09 Jan 2020


Artificial intelligence and computer science have advanced to the point that computer systems that are as successful as smart human tutors are feasible. Intelligent tutoring computer systems are being built to provide the same educational benefit that a knowledgeable human tutor can provide to students. A good teacher in private knows the student and listens to the special needs of the student. The machine has been seen from the beginning as offering such instruction, thereby having the potential to improve educational quality. Experience has shown that the learning process is highly effective for students seeking professional, in-person tutoring. It is a key self-regulatory ability to know when and how to seek help during learning. Classroom research suggests that adaptive behavior in help-seeking helps students learn more effectively. Help requests (and responses) can be characterized as “instrumental” when aimed at learning, or “executive” when aimed solely at tasks to be completed. Active help-seeking in educational technology has also been shown to be correlated with better learning. A more comprehensive solution would be to help students gain a better ability to seek support.

Intelligent tutoring programs are attempting to emulate best practices developed from the human tutoring model. For instance, the smart tutor will usually assess each step of the learning process of the students and provide the student with tips and suggestions to figure out the problem on their own. Intelligent systems are distinguished from other computer-aided instruction in that, by building a student learner model, they can interpret and respond to student interactions in real-time. Intelligent tutoring programs are trying to figure out not only whether or not an answer is wrong, but also how the student has achieved that understanding. To design efficient programs, intelligent tutors rely heavily on cognitive theories and practices. Some of the hypotheses of cognitive science and educational psychology involve reducing a load of working memory by supplying the learner with a “scratchpad” to work on. Additionally, the tutors typically utilize problem-solving behaviors that are goal-driven. It has been shown that intelligent tutoring systems (ITS) are particularly valuable for teaching cognitive tasks such as troubleshooting, problem-solving, and critical situations. Like a human teacher, an ITS constantly tracks and analyses the behavior of the individual student, infers the state of knowledge of the student, and decides on the next teaching step to optimize the learning of the student based on an embedded student model, assignment model, and instructional model.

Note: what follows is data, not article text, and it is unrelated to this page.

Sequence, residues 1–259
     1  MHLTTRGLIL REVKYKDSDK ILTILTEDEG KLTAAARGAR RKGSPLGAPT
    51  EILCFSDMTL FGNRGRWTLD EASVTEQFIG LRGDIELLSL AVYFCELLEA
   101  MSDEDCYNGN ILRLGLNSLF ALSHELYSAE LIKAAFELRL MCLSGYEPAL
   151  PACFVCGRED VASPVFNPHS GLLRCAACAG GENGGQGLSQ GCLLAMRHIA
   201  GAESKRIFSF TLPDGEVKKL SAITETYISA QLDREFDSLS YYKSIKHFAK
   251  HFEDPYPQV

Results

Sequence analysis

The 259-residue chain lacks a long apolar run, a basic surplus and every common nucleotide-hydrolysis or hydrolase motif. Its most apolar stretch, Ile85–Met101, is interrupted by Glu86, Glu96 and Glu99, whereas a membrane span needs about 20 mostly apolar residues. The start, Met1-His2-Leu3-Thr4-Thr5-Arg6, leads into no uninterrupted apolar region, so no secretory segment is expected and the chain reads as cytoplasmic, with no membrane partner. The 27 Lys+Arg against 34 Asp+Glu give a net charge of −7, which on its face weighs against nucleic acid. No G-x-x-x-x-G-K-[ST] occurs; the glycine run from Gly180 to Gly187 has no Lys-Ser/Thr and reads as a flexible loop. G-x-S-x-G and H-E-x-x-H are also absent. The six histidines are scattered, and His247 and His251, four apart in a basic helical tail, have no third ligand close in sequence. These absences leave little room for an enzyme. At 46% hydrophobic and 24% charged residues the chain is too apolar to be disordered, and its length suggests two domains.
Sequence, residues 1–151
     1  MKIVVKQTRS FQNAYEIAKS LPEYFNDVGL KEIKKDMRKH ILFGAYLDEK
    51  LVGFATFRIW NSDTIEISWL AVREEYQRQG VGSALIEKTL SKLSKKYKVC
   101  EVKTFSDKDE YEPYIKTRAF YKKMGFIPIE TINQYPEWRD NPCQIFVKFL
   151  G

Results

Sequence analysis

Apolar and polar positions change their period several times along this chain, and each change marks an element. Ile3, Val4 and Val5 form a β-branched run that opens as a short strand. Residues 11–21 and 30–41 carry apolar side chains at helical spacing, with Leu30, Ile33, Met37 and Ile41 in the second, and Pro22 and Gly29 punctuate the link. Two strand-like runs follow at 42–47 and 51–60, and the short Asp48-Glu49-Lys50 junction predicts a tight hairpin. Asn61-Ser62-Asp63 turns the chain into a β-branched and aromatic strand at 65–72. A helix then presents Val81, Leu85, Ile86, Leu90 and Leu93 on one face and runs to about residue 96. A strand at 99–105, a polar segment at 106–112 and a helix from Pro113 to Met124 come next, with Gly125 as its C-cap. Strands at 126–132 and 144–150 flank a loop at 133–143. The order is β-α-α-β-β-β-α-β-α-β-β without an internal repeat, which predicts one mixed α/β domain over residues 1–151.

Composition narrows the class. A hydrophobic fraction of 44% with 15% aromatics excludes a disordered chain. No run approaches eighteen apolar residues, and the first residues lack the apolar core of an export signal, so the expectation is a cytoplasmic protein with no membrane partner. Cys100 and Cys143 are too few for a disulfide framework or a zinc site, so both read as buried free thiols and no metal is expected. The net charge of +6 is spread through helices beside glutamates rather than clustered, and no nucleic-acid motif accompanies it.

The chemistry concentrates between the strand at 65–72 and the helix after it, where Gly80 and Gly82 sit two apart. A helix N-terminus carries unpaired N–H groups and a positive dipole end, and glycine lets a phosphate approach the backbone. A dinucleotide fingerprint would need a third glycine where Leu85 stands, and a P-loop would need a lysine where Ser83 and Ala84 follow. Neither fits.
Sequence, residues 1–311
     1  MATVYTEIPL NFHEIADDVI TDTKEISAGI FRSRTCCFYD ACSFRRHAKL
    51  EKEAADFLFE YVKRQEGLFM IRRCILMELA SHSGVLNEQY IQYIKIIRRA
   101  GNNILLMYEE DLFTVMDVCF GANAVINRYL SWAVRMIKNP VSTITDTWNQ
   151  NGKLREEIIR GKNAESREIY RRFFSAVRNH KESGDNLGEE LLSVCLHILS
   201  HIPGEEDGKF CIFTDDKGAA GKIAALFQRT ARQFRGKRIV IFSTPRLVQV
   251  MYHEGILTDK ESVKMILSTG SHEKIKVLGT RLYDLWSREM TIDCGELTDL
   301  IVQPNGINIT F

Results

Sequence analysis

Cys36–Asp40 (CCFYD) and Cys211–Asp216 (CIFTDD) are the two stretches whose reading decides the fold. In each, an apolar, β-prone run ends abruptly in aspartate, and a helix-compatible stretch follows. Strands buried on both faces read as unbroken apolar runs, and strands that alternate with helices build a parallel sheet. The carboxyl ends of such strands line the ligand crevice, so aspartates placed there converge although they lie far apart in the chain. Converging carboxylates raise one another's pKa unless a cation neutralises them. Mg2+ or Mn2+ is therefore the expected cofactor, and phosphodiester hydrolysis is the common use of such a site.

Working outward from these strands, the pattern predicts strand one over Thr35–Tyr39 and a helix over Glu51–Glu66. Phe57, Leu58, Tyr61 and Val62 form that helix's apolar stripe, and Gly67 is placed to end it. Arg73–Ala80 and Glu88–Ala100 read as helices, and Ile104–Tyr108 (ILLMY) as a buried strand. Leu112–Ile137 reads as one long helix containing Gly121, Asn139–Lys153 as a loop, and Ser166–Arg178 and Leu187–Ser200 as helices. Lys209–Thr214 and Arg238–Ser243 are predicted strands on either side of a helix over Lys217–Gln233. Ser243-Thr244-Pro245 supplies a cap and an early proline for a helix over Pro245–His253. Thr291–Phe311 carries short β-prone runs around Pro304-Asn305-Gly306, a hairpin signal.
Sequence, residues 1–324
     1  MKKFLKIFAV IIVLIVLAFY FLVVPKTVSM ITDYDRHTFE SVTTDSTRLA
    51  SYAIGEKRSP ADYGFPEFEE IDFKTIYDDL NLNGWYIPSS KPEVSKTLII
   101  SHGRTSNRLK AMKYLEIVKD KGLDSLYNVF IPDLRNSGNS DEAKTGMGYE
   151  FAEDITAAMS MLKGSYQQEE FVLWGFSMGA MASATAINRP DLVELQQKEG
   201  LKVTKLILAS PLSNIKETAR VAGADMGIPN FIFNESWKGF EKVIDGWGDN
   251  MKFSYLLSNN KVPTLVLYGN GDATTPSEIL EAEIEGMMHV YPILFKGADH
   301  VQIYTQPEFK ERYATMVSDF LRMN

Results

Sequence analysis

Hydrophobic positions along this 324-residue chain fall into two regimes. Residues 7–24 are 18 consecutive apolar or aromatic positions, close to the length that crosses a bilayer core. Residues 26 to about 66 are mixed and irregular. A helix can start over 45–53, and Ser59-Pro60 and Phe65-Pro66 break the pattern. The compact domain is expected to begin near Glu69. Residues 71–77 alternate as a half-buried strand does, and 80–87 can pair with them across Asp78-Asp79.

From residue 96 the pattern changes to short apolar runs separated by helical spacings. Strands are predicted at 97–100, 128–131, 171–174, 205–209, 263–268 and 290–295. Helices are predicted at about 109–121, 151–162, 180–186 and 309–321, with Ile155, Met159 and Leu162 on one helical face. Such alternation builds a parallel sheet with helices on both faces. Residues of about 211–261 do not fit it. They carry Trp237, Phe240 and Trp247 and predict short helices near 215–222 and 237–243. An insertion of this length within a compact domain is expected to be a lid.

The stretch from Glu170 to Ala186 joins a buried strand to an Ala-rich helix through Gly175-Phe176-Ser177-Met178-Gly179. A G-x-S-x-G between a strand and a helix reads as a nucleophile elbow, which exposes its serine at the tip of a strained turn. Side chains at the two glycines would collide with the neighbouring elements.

Robust learning of help-seeking skills would enable students to transfer these to novel learning skills situations when there is no explicit support for help-seeking. The effect of feedback on the learning of students is understood. Metacognitive feedback is defined as feedback triggered by the learning behavior of students (e.g. avoiding needed help) and not by the accuracy of their domain-level responses. Meta-cognitive feedback also provides metacognitive content, i.e. it transmits information on desired learning behaviors (e.g., advising the student to ask for a hint) rather than domain knowledge. A small number of usemetacognitive feedback systems in their learning process to direct students. However, the effect of metacognitive feedback on the help-seeking behavior of students is still to be fully evaluated in controlled studies to the best of our knowledge.

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